“Brendan, Eleanor, and Cordelia Walker once had everything: two loving parents, a beautiful house in San francisco, and all the portable electronic devices tehy could want. But everything changed when Dr. Walker lost his job in the wake of a mysterious incident. Now in dire straits, the family must relocate to an old Victorian house that used to be the home of occult novelist Denver Kristoff–a house that feels simultaneously creepy and too good to be true.
By the time the Walkers realize that one of their neighbors has sinister plans for them, they’re banished to a primeval forest way off the grid. Their parents? Gone. Their friends? A world away. And they aren’t alone. Bloodthirsty medieval warriors patrol the woods around them, supernatural pirates roam the neighboring seas, and a power-hungry queen rules the land. To survive, the siblings will have to be braver thant hey ever thought possible–and fight against their darkest impulses. The key may lie in their own connection tot he secret Kristoff legacy. But as they unravel that legacy, they’ll discover it’s not just their family that’s in danger… it’s the entire world.”
I don’t hate it, but I don’t love it either. So why did I buy the book? Well, I was intrigued. And there was a lot of press about it, this book being the brain child of Chris Columbus (yes, the director) and Ned Vizzini. How was I supposed to know that when you sign up for a Chris Columbus book, you’d get what you ask for: a Chris Columbus book.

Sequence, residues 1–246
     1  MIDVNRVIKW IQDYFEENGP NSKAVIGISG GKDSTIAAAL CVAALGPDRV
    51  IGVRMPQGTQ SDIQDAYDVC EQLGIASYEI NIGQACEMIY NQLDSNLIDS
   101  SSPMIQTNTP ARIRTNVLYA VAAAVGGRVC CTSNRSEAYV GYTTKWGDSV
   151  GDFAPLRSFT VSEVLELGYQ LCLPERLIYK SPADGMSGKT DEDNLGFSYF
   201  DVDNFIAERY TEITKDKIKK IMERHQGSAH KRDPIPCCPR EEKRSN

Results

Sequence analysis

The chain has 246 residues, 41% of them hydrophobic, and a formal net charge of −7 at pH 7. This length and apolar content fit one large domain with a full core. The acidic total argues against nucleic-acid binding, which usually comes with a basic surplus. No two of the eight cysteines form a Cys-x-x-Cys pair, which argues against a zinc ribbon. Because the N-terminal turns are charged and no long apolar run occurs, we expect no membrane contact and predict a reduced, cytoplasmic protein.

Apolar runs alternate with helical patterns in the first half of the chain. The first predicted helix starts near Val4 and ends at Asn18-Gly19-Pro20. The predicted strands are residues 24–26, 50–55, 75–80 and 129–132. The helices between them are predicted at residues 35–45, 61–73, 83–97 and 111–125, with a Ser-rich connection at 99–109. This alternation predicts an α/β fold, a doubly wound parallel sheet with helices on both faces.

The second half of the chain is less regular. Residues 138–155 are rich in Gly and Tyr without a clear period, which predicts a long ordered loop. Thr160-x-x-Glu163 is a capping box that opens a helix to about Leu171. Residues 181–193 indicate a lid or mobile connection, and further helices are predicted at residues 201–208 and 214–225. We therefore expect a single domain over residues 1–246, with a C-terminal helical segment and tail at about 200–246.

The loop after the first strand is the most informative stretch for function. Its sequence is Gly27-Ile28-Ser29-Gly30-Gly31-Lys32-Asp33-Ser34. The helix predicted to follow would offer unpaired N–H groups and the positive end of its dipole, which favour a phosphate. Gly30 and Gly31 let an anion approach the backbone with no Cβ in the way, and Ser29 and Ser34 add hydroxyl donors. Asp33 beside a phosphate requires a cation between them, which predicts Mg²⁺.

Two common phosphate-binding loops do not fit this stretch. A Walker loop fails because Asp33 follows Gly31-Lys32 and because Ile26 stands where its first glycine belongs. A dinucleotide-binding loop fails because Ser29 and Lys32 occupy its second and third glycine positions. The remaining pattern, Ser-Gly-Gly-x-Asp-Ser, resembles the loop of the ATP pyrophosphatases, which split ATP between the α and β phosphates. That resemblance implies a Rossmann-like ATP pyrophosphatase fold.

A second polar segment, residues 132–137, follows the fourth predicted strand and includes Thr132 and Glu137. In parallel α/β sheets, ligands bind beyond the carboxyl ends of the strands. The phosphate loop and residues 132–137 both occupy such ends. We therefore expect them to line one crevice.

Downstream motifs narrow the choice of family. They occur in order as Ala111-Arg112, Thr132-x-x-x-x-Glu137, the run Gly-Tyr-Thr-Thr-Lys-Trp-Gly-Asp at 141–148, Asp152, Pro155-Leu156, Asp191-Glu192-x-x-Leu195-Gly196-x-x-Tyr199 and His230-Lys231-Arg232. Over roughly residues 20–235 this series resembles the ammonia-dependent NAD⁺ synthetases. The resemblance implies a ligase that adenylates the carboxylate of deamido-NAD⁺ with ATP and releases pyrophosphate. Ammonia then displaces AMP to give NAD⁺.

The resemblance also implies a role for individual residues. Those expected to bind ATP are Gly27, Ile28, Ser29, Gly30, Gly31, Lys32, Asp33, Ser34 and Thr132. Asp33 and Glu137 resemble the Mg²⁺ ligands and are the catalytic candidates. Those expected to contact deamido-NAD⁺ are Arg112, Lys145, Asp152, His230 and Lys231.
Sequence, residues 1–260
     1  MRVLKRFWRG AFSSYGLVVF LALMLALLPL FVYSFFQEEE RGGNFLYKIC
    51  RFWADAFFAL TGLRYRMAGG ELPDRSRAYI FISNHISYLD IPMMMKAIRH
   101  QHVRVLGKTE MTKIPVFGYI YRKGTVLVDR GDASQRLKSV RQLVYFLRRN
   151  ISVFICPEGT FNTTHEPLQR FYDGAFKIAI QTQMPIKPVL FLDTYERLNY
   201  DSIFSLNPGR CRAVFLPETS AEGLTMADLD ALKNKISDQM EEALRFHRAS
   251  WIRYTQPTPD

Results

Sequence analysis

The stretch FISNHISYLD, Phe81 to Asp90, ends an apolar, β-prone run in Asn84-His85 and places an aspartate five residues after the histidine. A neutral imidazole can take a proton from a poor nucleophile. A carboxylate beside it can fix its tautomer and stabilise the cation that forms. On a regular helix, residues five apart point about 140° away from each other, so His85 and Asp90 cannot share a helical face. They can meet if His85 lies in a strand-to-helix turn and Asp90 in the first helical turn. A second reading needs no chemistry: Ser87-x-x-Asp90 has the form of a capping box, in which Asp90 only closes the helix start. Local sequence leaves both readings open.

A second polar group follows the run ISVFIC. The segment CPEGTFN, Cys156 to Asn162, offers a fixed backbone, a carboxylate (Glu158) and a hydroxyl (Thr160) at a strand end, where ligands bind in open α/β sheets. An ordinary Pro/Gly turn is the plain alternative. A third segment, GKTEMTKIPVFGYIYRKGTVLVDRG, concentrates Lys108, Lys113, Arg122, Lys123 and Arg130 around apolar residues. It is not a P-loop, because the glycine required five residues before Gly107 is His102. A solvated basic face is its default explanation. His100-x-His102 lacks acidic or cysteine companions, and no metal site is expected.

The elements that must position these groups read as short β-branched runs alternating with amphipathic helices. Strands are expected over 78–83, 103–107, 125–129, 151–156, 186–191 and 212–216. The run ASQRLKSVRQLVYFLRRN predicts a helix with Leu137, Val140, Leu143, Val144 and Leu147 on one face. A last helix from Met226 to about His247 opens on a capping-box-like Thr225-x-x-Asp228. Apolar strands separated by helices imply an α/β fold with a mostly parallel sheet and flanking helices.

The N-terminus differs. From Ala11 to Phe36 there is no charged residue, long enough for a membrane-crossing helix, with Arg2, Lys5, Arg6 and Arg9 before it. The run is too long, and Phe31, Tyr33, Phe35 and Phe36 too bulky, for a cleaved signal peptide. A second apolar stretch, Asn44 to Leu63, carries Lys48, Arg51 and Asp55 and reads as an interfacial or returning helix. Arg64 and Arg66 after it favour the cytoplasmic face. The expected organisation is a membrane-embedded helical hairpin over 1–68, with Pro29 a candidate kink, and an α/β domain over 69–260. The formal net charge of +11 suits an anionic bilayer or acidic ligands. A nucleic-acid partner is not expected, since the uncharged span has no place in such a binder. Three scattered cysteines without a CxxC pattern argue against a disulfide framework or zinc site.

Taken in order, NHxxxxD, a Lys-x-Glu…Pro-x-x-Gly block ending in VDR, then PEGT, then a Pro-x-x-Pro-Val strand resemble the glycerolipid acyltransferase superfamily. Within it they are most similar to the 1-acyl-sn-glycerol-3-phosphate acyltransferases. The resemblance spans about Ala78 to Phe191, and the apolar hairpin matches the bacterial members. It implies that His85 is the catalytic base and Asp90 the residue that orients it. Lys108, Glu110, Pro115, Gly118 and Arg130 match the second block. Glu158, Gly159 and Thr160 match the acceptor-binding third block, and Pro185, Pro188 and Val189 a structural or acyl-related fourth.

I am aware of how that sounds, read aloud.
What I mean is, you get what you ask for. Chris Columbus films are not known for their subtleties, their complicated plots–or any logical progression of story. I’m telling you that the House of Secrets will not be known for them either.
If you’re into books like this, well, this book is for you. If you’re looking for something more, I don’t know, intermediate and not elementary, I suggest looking at another title.
Now, if you think I’m bad-mouthing the book, you wouldn’t be wrong. I am doing that. A little bit. Because House of Secrets is a waste of a pretty good premise! Not an original one, but a good one.
Three fool-hardy kids from the Apple generation get stuck in actual books? Awesome.
None of the kids are the meek type who embrace their heroism as they learn to value their selves? Sign me up.
Alas, as with baking, having the right ingredients doesn’t mean you’ll get a good product. There has to the right measurement, the right pace, the right everything–and House of Secrets has none of the latter.
I don’t think it even had a structure. There were times, while reading the book, that I felt as if the writers (there’s two of them!) were making it up as they went along. And I know this because this was a writing exercise I did with a friend back in high school! She would set up our characters into predicaments that would seem impossible to get out of, and I’d find a way to do so–or device a loophole to their dilemma
It was a fun exercise, but it does not make a good story. Because you end up with a story that tries to be smarter than it should be. You get a book that feels like it has a split personality. And that’s not what you want when you’re trying to escape into a world of fantasy.
When things are unreal, you want them to make a little sense. If only to ensure that no one’s getting cheated out of a good resolution in the end.
Too bad the House of Secrets is more about cheap twists and thrills. It could’ve been the new Inkheart.